The signal present in lead 68 is phase-advanced by capacitor 70, for example approximately 45 degrees. Such signal is also phase-retarded by the inductor 69, again approximately 45 degrees in a typical case. It follows that the output of the bridge 59, 60, 61 and 62 is a full-wave rectified Signal lagging by approximately 45 degrees, whereas the output of the bridge 63,64, 61 and 62 is a full-wave rectiiied signal leading by approximately 45 degrees. The above-indicated superimposition of such signals in resistor 65 produces a D.C. voltage the ripple frequency of which is double that of either of the bridges, namely, four times the frequency of the line voltage wave.

A very important result achieved by voltage converter is that the output present in resistor (potentiometer windv ing) 65 does not ever go to zero except during periods of complete power failure. Furthermore, and very importantly, the maintaining of the output voltage above zero at all times is achieved Iwithout resorting to a storage element such as a filter capacitor of the type conventionally employed in power supplies. Such a filter capacitor would be highly unsatisfactory in the present system because, upon failure of the line voltage wave delivered to input terminals 11, several cycles would be required for the voltage stored in the filter to decay to zero. The time required for such decay would produce an excessive time delay prior to actuation of the latch 42 and consequent termination of the gate signals delivered from oscillator 23 to electronic switch 20.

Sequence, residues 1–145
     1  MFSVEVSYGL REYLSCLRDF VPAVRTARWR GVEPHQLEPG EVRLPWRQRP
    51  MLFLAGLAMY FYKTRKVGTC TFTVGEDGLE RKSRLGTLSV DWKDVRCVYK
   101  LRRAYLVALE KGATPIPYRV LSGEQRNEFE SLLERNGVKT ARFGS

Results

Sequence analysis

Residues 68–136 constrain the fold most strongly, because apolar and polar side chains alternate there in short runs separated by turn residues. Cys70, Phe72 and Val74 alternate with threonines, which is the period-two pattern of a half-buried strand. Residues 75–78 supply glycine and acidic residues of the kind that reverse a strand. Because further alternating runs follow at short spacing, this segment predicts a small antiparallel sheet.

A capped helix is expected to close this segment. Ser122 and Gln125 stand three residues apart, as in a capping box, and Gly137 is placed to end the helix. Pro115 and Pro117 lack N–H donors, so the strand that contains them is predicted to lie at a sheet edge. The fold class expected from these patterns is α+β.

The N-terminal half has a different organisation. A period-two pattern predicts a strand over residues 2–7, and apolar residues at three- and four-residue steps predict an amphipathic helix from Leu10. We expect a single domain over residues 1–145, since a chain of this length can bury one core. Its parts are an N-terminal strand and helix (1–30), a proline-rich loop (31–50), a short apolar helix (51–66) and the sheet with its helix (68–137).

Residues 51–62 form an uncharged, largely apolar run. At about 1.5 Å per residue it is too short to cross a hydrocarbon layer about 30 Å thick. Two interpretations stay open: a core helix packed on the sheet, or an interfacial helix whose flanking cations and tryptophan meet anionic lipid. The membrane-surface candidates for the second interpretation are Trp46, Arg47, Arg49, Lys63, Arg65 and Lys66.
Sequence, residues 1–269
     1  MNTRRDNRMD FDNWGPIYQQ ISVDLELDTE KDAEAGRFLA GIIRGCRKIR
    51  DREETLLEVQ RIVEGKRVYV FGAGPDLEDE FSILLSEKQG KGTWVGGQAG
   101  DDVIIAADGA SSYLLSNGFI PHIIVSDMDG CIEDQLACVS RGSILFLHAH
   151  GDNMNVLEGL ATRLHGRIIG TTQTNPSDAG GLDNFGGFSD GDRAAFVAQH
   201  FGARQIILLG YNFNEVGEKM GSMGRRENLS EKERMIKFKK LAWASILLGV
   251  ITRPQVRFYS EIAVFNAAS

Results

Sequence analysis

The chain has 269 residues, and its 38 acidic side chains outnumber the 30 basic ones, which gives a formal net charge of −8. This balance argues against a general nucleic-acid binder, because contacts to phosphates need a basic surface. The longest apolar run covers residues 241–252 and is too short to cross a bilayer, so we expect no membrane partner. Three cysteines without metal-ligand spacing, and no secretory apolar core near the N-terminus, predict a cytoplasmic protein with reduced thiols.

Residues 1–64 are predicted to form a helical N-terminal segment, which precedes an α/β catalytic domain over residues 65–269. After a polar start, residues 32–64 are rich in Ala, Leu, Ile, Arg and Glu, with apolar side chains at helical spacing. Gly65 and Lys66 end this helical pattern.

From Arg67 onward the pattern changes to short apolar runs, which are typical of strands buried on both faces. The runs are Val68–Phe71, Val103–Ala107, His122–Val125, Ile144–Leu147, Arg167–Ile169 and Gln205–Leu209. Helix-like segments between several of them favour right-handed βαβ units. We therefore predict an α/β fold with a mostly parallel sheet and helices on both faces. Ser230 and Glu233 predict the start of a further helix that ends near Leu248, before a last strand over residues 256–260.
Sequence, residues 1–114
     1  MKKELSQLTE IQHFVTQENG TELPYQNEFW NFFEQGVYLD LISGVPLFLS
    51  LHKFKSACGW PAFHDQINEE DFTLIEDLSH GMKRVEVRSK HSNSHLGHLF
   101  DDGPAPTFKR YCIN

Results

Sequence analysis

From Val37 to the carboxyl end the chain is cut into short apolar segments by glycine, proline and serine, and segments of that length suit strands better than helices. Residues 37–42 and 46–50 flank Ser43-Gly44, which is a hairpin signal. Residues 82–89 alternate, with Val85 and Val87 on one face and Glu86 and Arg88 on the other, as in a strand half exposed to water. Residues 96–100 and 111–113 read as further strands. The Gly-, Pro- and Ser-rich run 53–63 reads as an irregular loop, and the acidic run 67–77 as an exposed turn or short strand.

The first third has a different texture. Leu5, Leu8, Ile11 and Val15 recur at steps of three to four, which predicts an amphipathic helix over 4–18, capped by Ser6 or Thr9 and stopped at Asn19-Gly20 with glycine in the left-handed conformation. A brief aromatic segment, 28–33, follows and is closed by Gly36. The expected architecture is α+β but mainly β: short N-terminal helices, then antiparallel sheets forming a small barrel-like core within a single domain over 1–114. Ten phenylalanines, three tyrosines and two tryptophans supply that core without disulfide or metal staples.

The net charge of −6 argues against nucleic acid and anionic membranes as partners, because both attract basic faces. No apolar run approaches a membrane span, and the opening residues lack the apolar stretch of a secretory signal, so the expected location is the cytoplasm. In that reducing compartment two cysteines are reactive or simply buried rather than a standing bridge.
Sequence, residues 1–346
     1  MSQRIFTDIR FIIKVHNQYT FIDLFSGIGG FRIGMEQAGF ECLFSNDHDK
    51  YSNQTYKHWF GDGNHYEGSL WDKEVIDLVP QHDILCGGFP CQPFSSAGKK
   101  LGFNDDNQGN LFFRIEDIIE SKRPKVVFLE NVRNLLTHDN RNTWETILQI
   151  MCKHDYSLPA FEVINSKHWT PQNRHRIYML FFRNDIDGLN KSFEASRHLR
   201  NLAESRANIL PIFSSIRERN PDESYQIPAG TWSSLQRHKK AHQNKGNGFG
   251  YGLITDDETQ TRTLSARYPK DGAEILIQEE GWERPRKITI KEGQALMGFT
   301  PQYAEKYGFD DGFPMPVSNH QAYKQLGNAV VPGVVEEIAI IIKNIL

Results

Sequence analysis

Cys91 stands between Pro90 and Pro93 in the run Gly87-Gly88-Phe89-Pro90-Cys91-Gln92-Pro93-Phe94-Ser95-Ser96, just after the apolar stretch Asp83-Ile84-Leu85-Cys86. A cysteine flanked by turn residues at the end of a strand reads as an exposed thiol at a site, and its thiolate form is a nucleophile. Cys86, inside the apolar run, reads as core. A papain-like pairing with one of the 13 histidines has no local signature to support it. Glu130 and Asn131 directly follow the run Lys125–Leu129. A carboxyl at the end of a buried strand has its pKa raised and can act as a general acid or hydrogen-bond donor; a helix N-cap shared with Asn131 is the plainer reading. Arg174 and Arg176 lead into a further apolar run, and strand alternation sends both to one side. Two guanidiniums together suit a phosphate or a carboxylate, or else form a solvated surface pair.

Let it be assumed, for example, that a normal voltage in line 10 would produce a voltage converter output of approximately 15 volts average, and that the ripple voltage (along the tops of the superimposed waves in resistor 65) is two volts (peaks approximately one volt higher, and valleys approximately one volt lower, than the average ripple voltage). Let it also be assumed that the voltage detector 56 (to be described subsequently) is set to actuate at a level of approximately 13 volts. If the line voltage then' gradually decreased, a time would, arrive when the dips or valleys in the vripple voltage would decline from approximately 14 volts to approximately 13 volts, at which time the detector 56 would generate an unlatching signal and would cause the latch 42 to effect cessation of gate signals to switch 20.